State Report: Oregon
|THIS YEAR'S CROP
||One for the books
||Solid, not spectacular
||Not up to par
||Nothing to see here
With the return of baseball at the University of Oregon, 2009 marked the first year since 1981 that the Pacific-10 Conference actually had 10 teams in its baseball standings. While it was a disappointing year for coach George Horton and Co., as the Ducks finished with a record of 14-42, the team still featured a couple of pitchers who will be drafted. Rival Oregon State made its 10th trip to an NCAA regional and boasts a few pitchers of its own, including righthander Jorge Reyes, the top prospect in the state.
The strength of this year's draft class in the state comes from college arms, and that also should be next year's theme, as hard-throwing Oregon State lefthanders Josh Osich and Tanner Robles will be eligible and could be premium picks.
|NATIONAL TOP 200 PROSPECTS
1. Jorge Reyes, rhp, Oregon State (National Rank: 167)
2. Erik Stavert, rhp, Oregon (National Rank: 174)
3. Kraig Sitton, lhp, Oregon State
4. Ryan Ortiz, c, Oregon State
5. Drew Gagnier, rhp, Oregon
6. Jordan Poyer, of, Astoria HS
7. Tym Pearson, of, Thurston HS
8. Greg Peavey, rhp, Oregon State
9. Joey Wong, ss, Oregon State
10. Jason Braun, rhp, Corban College
11. Bennett Whitmore, lhp, Oregon
12. Mark Grbavac, rhp, Oregon State
13. Taylor Ard, 1b, Mt. Hood CC
14. Chris Vitus, rhp, Lane CC
15. A.J. Christensen, 1b, Clackamas CC
JORGE REYES, RHP, OREGON STATE
Reyes has been a bit of an enigma for scouts. He burst onto the scene as a freshman and was the Most Outstanding Player in the College World Series in 2007, the second of Oregon State's back to back national championships. He hasn't matched that success since. While his 3.80 ERA this year looks a lot better than the 7.08 he posted last year, he was inconsistent and scouts aren't sure what to make of him. On top of that, he's represented by Scott Boras Corp., which adds questions about how expensive he might be. Reyes has been sitting 90-91 mph with his fastball this year, touching 93. He has an average slider and lacks a third pitch, meaning some scouts have him projected to end up in the bullpen. He spent 11 days in jail last year for his involvement in some backyard, rifle-related mischief, but scouts like Reyes' makeup. He's regarded as a good kid from a good family. Scouts see a lot of pitchers like Reyes out there and might go for someone they think will be cheaper, so Reyes could end up back at school next year.
ERIK STAVERT, RHP, OREGON
While teammate Drew Gagnier may be a sexier pick from a physical standpoint, Oregon's first player off the board is likely to be Stavert. He gets heavy sink on a 89-92 mph two-seam fastball that's been up to 94. He commands the pitch well and has a plus changeup that he'll throw to righthanded or lefthanded hitters. Like his fastball, the changeup gets good downward action, giving him two pitches hitters pound into the ground. Stavert's breaking ball is a work in progress. Right now it's a slurvy pitch in the 77 mph range, and pitching coach Andrew Checketts has been working with him to refine it as either a true curveball or a true slider.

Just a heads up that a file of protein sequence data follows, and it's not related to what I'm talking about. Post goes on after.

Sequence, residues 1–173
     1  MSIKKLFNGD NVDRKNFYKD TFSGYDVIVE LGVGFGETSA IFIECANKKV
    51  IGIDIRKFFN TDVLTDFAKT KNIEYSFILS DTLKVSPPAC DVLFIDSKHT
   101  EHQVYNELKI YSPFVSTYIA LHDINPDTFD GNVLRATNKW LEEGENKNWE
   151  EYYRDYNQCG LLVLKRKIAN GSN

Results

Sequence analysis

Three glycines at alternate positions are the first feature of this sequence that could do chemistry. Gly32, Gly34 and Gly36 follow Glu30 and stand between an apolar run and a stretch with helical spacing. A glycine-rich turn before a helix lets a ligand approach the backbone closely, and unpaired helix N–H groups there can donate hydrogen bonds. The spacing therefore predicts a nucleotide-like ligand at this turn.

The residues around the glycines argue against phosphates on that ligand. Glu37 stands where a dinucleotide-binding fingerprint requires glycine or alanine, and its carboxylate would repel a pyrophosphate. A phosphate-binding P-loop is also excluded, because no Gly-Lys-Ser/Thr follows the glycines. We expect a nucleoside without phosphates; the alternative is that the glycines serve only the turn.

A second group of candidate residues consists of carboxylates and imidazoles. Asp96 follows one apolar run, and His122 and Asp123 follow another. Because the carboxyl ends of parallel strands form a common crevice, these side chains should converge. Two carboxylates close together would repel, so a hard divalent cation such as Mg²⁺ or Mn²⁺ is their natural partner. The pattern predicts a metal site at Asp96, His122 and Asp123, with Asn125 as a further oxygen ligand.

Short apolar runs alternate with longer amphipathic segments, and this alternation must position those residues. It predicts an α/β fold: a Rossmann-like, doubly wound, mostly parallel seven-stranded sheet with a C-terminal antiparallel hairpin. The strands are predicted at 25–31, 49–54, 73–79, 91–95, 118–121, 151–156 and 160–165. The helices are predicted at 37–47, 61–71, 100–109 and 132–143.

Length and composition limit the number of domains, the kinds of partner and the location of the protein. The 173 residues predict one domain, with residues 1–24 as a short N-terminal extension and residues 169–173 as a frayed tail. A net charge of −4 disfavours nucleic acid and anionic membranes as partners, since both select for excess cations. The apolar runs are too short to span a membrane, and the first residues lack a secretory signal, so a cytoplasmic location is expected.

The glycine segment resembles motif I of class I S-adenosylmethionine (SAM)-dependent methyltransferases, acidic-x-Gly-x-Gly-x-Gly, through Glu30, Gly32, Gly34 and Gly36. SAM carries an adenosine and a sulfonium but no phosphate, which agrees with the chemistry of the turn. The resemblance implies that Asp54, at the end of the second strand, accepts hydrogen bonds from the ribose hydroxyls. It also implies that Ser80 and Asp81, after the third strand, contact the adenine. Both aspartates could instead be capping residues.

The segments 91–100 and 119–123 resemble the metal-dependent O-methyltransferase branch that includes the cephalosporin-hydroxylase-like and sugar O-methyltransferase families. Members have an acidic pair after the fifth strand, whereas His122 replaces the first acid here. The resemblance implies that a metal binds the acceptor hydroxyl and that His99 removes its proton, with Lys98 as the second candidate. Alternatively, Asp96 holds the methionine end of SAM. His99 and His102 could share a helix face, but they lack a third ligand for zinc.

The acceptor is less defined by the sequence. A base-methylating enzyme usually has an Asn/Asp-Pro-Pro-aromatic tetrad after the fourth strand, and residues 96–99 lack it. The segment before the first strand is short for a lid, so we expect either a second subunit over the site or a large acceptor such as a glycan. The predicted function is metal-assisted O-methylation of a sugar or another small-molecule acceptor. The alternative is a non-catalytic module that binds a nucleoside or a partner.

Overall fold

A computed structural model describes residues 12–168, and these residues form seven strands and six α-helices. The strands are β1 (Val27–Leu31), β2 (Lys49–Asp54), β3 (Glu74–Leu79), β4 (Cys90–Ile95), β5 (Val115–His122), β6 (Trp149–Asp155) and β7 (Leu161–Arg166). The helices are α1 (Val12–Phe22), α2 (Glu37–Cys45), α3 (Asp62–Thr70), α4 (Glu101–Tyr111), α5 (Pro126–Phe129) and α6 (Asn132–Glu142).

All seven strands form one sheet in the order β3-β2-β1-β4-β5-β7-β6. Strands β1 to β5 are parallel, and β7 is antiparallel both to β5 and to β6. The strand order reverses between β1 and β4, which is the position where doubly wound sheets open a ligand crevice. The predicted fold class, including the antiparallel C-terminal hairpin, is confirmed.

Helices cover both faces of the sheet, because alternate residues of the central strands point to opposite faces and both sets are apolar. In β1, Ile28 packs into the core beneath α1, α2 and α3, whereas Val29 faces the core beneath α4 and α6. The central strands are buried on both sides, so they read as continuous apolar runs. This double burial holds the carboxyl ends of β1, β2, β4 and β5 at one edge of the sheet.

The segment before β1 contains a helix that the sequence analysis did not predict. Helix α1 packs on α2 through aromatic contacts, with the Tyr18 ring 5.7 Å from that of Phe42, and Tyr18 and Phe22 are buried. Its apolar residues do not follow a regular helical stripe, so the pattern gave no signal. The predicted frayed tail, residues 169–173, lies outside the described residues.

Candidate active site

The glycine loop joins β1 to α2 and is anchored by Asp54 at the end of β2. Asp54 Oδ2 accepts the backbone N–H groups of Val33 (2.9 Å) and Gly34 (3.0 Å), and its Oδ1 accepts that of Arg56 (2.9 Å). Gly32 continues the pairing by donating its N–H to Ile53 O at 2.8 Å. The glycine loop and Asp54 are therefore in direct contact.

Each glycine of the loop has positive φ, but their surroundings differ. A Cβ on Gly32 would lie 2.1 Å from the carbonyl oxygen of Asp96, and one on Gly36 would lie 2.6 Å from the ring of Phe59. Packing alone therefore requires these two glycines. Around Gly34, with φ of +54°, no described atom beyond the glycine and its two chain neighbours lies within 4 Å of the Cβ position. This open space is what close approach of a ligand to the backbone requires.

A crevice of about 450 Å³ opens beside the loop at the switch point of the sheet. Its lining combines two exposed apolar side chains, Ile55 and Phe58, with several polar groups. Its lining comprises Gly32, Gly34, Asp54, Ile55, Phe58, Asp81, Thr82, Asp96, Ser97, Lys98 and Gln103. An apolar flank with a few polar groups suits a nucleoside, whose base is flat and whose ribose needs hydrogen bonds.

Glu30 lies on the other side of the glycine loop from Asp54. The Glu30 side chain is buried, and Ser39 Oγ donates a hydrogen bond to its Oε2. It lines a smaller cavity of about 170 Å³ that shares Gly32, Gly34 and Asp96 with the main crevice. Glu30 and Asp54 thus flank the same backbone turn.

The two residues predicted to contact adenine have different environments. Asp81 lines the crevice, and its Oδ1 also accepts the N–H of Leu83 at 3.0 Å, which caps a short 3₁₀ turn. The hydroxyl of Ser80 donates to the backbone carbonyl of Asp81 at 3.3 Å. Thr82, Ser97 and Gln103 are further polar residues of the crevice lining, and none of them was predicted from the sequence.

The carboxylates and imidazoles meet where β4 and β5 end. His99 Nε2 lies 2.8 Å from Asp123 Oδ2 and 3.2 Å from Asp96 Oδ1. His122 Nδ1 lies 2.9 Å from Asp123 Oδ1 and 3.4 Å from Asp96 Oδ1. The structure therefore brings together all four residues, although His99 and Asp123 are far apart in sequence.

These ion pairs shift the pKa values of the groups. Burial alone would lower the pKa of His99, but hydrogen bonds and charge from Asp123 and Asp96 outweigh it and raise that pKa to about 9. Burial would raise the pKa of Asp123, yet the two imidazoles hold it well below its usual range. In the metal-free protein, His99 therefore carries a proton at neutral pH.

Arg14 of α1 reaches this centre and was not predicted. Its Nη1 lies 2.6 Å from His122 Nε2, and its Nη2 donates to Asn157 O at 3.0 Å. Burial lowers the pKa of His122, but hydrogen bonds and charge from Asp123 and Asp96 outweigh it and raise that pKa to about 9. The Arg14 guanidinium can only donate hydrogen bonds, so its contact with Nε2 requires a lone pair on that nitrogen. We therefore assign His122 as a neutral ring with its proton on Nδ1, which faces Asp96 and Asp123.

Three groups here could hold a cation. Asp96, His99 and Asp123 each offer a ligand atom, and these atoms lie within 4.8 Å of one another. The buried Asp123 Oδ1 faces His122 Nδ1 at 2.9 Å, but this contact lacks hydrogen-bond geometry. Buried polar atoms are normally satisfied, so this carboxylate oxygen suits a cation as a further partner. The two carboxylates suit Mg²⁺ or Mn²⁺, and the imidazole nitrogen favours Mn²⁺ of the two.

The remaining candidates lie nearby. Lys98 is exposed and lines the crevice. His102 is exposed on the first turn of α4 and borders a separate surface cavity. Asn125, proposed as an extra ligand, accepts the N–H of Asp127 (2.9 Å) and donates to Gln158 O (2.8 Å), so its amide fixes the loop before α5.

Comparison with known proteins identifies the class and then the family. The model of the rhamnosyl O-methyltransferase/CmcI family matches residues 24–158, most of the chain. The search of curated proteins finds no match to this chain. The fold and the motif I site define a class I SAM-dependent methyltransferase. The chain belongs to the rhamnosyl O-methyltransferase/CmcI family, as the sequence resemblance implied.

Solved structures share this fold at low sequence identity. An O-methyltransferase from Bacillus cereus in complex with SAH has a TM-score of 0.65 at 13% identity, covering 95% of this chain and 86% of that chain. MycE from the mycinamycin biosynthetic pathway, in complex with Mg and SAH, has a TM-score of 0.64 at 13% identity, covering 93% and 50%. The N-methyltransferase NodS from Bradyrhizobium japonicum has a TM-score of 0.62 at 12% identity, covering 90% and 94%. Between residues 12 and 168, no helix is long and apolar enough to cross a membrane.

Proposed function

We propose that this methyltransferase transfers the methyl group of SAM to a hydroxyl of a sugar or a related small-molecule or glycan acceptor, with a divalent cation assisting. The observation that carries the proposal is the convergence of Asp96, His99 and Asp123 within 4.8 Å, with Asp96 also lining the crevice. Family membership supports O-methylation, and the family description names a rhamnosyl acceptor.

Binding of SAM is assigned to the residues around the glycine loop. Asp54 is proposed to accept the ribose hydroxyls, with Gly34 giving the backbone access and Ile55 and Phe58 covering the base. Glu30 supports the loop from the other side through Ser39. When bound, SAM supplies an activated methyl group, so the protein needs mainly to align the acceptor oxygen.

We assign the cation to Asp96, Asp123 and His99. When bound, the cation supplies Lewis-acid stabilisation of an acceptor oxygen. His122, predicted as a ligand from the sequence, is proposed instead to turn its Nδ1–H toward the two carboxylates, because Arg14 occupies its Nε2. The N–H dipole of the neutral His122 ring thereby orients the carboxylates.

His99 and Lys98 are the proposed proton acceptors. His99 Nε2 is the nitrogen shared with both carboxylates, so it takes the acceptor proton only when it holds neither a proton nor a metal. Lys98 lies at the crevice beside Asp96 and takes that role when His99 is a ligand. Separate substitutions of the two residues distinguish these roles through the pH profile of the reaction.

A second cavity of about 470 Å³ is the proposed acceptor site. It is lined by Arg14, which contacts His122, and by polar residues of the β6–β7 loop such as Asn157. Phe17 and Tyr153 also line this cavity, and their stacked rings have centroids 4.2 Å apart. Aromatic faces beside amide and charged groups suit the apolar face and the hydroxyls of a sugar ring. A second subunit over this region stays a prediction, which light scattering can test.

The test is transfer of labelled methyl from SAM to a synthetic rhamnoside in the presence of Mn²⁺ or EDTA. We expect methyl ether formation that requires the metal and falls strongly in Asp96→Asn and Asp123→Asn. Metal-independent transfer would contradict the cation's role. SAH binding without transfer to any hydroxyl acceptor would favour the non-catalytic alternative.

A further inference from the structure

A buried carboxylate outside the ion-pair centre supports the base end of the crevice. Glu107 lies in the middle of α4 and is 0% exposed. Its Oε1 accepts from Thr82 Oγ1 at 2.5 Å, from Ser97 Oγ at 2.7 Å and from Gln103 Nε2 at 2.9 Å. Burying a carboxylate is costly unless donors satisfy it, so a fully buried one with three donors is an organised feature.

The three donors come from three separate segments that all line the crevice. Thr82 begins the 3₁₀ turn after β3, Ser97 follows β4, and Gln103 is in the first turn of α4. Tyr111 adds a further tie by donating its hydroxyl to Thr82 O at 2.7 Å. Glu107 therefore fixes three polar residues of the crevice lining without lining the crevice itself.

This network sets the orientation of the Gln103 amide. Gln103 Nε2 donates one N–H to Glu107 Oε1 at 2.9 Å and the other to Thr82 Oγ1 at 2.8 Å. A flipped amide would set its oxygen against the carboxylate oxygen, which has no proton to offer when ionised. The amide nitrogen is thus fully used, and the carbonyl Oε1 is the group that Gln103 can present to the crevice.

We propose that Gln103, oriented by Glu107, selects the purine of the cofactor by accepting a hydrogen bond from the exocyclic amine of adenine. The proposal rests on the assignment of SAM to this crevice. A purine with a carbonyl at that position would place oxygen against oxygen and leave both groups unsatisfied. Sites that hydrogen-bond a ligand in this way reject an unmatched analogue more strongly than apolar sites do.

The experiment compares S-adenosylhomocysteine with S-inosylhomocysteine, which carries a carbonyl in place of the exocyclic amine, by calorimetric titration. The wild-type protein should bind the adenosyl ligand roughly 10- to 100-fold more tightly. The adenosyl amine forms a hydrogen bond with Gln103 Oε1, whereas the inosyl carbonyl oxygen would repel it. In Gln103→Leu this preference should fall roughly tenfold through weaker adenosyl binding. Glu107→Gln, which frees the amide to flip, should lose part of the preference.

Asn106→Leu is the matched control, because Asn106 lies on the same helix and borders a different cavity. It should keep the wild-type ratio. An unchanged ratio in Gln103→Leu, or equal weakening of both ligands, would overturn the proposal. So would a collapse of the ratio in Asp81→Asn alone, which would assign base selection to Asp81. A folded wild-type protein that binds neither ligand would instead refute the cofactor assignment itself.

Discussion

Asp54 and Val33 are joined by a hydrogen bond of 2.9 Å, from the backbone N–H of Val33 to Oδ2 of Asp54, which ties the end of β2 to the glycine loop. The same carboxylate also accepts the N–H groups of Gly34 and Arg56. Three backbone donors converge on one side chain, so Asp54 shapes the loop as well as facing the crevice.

Oregonians Embrace Return Of Civil War Rivalry
There's a common theme among Oregon's pitching staff: size. The Ducks are loaded with physical, pro-bodied hurlers, and righthander Drew Gagnier
is the biggest at 6-foot-4, 225 pounds. Gagnier has the stuff to match his size. While some days his fastball is 89-92 mph, other times it's 92-95. Like many pitchers, his fastball tends to straighten out at higher speeds. He developed an 85 mph cutter/slider that he uses as an out pitch and has a changeup, though he rarely throws it. Gagnier has some head tilt during his delivery, which contributes to spotty control (he walked 25 batters over 30 innings this year). Because of his size and big arm, Gagnier projects to go in the top 10 rounds—his brother Lauren was a 10th-round pick by the Tigers out of Cal State Fullerton in 2006. As a draft-eligible sophomore, though, he could return to Eugene to work on his control with the hope of improving his stock.
Ducks lefthander Bennett Whitmore
also has a pro body at 6-foot-3, 215 pounds, but hasn't shown consistent velocity or command. He lost confidence in his stuff and tried to overthrow, though could still get popped in the latter rounds, as he was by the Red Sox last year coming out of Fresno (Calif.) CC.
Oregon State righthander Greg Peavey
has been even more inconsistent. Ranked as the top prep arm in the Northwest in 2007, signability and a down senior high school season dropped him to the 24th round (Yankees). Now a draft-eligible sophomore, his numbers haven't matched his reputation. He spent his freshman year mostly pitching out of the bullpen, going 2-3, 4.96. He has been exclusively a starter this year, but the results have been about the same: 3-3, 5.30 with 37 strikeouts and 27 walks over 56 innings. Peavey's fastball was 92-94 mph in high school, with a lot of effort, a big head whack and crossed legs. He has cleaned up his mechanics, though his fastball now sits 89-91. So some scouts think he's be best off in the bullpen, where he could go all-out for an inning or two at a time. Because Peavey could significantly improve his stock with a good junior season, it's easy to see him returning to Corvallis.
Perhaps Oregon State's most intriguing prospect is lefthander Kraig Sitton
. Listed at 6-foot-5 and 190 pounds, the draft-eligible sophomore is rail thin. He started last summer in the West Coast Collegiate League but has